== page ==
Newspaper article The Christian Science Monitor

Greek Lights, Turkish Bitumen on a Cyprus Street International Efforts Promote Cooperation on the Divided Island,

Newspaper article The Christian Science Monitor

Greek Lights, Turkish Bitumen on a Cyprus Street International Efforts Promote Cooperation on the Divided Island,

Article excerpt

The contested stretch of road is just 200 yards long and doesn't connect anything; it simply improves access to a handful of village houses.

But on the divided island of Cyprus, politics seems to infest every issue - especially if your village, like Pyla, and your road, happen to sit in the middle of the buffer zone between ethnic Greek and Turkish areas.

Once called a model village of cohabitation by the United Nations, this is the only place on the Mediterranean island where people of both groups live side by side. But "harmony" is not a word that many residents use to describe their lives, and underlying tension points to the difficulty of forging peace in Cyprus. "There was a big argument over who could build that road," says Alkan Batikent, a Turkish Cypriot resident who owns a popular bar and restaurant nearby. In the end, it was decided that the Turkish side could pave the road, and that the Greek side could install the street lights. "The UN had to mediate," says Mr. Batikent, throwing his arms up in exasperation. "How stupid can you get?" Cypriots have been divided since 1974, when troops from Turkey invaded northern Cyprus to protect their ethnic brethren from the results of a brief Greek-led coup that aimed to unite the island with Greece. Some 30,000 troops are still deployed in the breakaway Turkish statelet in the north, while the internationally recognized Greek- led government of Cyprus in the south counters with 10,000 of its own national guards. Though Cypriots of both communities live together here, residents say they rarely mix. A Turkish coffeehouse stands on one corner of the central square; a Greek bar stands opposite. Further evidence of the larger Cyprus conflict is hard to ignore. Turkish troops occupy a high ridge that overlooks the village. A statue of Kemal Ataturk, who founded modern Turkey in the 1920s, stands on the edge of the cliff as if marching south to dominate Greek Cyprus. On the Greek side, a similar message of defiance came with the recent building of a huge Greek Orthodox church, to join the two churches already serving the village's 600 to 700 ethnic Greeks. "Pyla is a battleground for the two sides," says Batikent. "They have so much space outside the village {for the church}, why did they have to squeeze it inside among the houses?" Such exhibits of nationalism rarely encourage give-and-take searches for solutions. For years, the Cyprus Fulbright Commission has worked to bring the two communities together. While UN and United States peace efforts have long been under way, most centered on a federal solution and rarely included grass-roots input. One solution-oriented effort that does involve local residents is bicommunal activities. Sponsored by the Fulbright Commission, the US Embassy, and European missions, these joint meetings and peace- oriented workshops began in the mid-1990s. …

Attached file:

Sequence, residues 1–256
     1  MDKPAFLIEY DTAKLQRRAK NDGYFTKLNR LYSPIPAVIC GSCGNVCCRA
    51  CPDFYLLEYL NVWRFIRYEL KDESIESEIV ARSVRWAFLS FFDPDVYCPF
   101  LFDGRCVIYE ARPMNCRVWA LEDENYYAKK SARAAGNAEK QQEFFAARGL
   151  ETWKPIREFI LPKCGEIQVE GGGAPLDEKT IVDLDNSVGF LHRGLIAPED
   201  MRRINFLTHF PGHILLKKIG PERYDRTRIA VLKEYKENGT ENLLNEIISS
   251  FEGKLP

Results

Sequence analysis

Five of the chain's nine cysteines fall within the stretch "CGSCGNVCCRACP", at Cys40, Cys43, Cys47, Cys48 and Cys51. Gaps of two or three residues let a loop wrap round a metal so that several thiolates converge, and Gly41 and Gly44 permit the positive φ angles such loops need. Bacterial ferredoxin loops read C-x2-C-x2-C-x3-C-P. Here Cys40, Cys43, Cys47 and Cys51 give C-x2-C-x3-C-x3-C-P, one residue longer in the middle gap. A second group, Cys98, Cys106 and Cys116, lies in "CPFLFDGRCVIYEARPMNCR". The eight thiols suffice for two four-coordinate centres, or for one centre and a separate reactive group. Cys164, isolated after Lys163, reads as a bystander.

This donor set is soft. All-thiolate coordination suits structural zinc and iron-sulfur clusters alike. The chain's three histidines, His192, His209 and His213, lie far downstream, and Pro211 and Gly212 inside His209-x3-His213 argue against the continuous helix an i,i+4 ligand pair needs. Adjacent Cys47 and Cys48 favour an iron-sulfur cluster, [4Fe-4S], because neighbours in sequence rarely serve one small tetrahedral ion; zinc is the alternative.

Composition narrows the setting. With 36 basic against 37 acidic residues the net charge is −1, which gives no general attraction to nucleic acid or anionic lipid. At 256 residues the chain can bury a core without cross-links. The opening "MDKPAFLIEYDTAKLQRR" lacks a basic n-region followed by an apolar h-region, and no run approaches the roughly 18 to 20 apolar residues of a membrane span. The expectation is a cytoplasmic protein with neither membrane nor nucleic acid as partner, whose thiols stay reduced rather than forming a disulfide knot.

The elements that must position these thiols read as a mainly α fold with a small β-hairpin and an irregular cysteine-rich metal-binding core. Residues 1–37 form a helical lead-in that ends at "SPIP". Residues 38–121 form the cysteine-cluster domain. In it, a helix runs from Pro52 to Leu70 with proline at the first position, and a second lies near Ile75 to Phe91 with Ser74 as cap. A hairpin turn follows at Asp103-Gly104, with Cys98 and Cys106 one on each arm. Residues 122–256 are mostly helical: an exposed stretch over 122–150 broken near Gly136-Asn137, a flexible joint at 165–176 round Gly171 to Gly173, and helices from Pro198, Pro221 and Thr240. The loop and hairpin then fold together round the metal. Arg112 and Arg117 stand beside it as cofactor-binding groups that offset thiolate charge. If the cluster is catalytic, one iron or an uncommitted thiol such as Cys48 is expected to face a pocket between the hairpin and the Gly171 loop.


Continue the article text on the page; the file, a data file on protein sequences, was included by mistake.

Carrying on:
Search by... Author
Show... All Results Primary Sources Peer-reviewed

Oops!

An unknown error has occurred. Please click the button below to reload the page. If the problem persists, please try again in a little while.